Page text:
does that make sense? No, but it’s the way Apple, and other companies usually do it.
  • Reply 118 of 119
    melgross said:

    OkiRun said:
    (A standard iMac is a non-starter for pro audio production because it can't be configured for more than 32 GB of RAM.)

    Huh? You can put up to 128GB in the current 27” iMac. 
    Which always begs the question to me...what will the Mac Pro 7.1 do for them practically speaking that the iMac Pro maxed out can’t ?
    For the record, maximum RAM:

    21.5” iMac = 32 GB
    27” iMac = 64 GB
    27” iMac Pro = 256 GB
    Mac Pro = 1024 GB or 2048 GB (maximum configurations available from Apple = 768 GB or 1536 GB)
    Wrong. Go check Mactracker or Everymac. Apple doesn’t always report the actual maximum. 
    Apple often reports the maximum they’re tested. Often, that’s the biggest dimm available at the time the machine is being spec’d. Way back when I bought my Quadra 950, I asked Apple what the max RAM was and they told me 64MB. When I said that a magazine (remember them?) said 128 worked, the response that 8MB SIMMS (and remember those?) weren’t out when Apple tested, so they don’t state them as the max. When I asked why they didn’t test them when they came out, he said that once Apple releases specs for a model, they don’t change them.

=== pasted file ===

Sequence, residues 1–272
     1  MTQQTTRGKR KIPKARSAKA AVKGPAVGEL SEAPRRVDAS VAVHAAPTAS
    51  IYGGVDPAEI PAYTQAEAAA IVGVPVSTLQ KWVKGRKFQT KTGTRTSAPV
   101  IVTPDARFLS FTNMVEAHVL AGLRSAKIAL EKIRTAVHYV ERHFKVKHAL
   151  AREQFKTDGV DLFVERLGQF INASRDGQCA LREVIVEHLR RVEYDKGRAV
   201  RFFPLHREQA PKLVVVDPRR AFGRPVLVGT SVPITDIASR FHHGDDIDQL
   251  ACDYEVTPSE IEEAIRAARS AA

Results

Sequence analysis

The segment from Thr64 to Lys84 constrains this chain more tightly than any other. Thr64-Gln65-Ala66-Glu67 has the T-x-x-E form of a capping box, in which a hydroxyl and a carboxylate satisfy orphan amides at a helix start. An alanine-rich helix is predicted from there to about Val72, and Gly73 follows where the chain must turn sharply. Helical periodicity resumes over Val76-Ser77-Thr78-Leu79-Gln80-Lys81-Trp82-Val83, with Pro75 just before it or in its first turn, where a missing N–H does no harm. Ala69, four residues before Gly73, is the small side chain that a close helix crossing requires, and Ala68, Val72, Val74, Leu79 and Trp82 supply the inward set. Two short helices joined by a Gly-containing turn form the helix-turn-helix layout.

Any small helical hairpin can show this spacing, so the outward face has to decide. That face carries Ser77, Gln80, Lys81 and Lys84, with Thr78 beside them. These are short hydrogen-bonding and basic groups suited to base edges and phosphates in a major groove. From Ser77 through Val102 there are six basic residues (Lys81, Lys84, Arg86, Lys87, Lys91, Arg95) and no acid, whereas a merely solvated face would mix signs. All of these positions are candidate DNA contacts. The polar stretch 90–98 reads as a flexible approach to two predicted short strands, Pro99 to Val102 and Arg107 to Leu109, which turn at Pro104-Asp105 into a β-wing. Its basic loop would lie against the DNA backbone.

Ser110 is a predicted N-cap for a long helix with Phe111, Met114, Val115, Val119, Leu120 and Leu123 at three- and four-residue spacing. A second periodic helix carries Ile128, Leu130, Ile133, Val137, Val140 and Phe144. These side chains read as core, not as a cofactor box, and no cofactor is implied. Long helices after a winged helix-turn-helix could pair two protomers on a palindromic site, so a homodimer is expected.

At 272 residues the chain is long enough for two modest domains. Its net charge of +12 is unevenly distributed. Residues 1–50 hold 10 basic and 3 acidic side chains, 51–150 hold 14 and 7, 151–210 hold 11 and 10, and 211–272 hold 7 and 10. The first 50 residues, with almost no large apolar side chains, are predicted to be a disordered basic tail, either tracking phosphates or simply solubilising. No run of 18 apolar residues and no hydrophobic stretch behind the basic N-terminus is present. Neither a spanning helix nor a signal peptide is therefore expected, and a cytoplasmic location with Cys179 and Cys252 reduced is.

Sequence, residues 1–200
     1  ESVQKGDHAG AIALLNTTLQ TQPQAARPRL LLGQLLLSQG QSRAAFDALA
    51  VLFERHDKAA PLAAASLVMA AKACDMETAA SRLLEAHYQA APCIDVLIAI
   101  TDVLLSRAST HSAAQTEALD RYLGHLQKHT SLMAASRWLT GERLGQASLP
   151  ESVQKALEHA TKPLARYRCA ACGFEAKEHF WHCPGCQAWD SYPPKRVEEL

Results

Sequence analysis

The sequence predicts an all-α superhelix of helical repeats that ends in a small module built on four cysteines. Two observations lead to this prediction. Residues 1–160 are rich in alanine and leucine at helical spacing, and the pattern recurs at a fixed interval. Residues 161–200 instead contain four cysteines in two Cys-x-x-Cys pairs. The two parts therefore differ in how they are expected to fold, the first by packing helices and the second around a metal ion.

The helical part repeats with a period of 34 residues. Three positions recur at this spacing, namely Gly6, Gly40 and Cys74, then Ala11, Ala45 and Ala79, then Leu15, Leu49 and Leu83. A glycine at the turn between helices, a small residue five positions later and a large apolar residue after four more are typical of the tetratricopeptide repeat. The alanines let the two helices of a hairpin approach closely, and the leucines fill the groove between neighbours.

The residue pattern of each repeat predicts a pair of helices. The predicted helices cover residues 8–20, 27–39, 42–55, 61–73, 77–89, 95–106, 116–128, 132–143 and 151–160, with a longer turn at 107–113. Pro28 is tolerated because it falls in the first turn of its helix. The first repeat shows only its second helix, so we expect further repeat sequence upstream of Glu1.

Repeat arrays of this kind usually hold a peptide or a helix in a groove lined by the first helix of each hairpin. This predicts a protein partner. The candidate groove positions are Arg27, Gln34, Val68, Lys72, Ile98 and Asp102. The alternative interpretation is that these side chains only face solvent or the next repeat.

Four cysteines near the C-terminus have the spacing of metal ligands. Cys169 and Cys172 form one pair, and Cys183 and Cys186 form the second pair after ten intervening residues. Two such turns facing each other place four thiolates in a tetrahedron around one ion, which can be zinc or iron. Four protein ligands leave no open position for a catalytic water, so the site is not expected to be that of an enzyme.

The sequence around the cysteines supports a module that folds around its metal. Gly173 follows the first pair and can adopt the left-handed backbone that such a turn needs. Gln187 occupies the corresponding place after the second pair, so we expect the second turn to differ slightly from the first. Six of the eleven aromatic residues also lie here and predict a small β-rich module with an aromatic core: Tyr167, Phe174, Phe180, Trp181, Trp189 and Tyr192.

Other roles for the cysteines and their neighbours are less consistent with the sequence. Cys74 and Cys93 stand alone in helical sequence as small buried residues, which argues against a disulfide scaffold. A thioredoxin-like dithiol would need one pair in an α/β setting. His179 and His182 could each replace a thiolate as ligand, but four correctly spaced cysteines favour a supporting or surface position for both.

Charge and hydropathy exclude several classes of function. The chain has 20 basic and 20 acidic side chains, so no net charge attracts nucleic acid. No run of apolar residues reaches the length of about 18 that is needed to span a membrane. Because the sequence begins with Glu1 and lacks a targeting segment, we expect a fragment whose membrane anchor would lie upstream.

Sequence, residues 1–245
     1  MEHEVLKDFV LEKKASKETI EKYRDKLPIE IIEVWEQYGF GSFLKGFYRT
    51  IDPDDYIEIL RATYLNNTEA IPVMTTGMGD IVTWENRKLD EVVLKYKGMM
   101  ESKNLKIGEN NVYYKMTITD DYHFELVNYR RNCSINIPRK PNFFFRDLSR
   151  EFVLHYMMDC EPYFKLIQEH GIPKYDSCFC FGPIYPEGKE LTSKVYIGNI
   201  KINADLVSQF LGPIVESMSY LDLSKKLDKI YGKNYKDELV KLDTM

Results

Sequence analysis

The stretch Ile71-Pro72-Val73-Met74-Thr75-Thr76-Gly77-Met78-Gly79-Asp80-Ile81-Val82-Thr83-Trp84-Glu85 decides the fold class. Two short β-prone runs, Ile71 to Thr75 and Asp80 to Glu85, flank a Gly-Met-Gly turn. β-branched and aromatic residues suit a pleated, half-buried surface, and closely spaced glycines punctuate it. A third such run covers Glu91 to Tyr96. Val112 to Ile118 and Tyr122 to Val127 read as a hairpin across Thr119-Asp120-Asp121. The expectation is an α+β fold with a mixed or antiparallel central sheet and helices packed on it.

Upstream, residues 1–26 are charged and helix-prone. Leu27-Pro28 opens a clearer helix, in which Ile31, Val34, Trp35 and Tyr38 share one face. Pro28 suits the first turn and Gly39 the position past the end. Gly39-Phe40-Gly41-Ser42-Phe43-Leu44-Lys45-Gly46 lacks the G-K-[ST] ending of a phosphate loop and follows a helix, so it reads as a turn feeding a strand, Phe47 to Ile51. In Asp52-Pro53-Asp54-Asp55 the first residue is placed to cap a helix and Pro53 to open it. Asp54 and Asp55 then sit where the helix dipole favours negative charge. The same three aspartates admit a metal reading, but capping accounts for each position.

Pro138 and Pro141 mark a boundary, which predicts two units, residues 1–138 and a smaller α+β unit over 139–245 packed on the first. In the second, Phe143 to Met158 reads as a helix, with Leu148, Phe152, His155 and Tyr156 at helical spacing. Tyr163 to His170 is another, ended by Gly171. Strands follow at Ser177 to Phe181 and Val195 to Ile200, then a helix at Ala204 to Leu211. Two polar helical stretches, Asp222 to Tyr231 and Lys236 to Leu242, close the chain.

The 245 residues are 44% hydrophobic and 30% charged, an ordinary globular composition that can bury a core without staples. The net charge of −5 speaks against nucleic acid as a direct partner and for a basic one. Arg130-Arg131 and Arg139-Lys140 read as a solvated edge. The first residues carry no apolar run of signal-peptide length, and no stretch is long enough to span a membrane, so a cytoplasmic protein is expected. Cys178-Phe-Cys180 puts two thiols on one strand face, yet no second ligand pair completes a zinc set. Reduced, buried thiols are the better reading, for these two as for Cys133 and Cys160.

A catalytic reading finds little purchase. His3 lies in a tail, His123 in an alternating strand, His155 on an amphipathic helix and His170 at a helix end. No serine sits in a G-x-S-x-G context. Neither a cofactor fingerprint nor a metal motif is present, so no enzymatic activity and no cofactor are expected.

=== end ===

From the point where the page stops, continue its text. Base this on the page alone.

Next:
does that make sense? No, but it’s the way Apple, and other companies usually do it.
    I know all this. :) I assume you’re explaining for the others. 
  • Reply 119 of 119
    melgrossmelgross Posts: 33,099member
    melgross said:

    OkiRun said:
    (A standard iMac is a non-starter for pro audio production because it can't be configured for more than 32 GB of RAM.)

    Huh? You can put up to 128GB in the current 27” iMac. 
    Which always begs the question to me...what will the Mac Pro 7.1 do for them practically speaking that the iMac Pro maxed out can’t ?
    For the record, maximum RAM:

    21.5” iMac = 32 GB
    27” iMac = 64 GB
    27” iMac Pro = 256 GB
    Mac Pro = 1024 GB or 2048 GB (maximum configurations available from Apple = 768 GB or 1536 GB)
    Wrong. Go check Mactracker or Everymac. Apple doesn’t always report the actual maximum. 
    Apple often reports the maximum they’re tested. Often, that’s the biggest dimm available at the time the machine is being spec’d. Way back when I bought my Quadra 950, I asked Apple what the max RAM was and they told me 64MB. When I said that a magazine (remember them?) said 128 worked, the response that 8MB SIMMS (and remember those?) weren’t out when Apple tested, so they don’t state them as the max. When I asked why they didn’t test them when they came out, he said that once Apple releases specs for a model, they don’t change them.

    does that make sense? No, but it’s the way Apple, and other companies usually do it.
    I know all this. :) I assume you’re explaining for the others. 
    I was expanding on the information.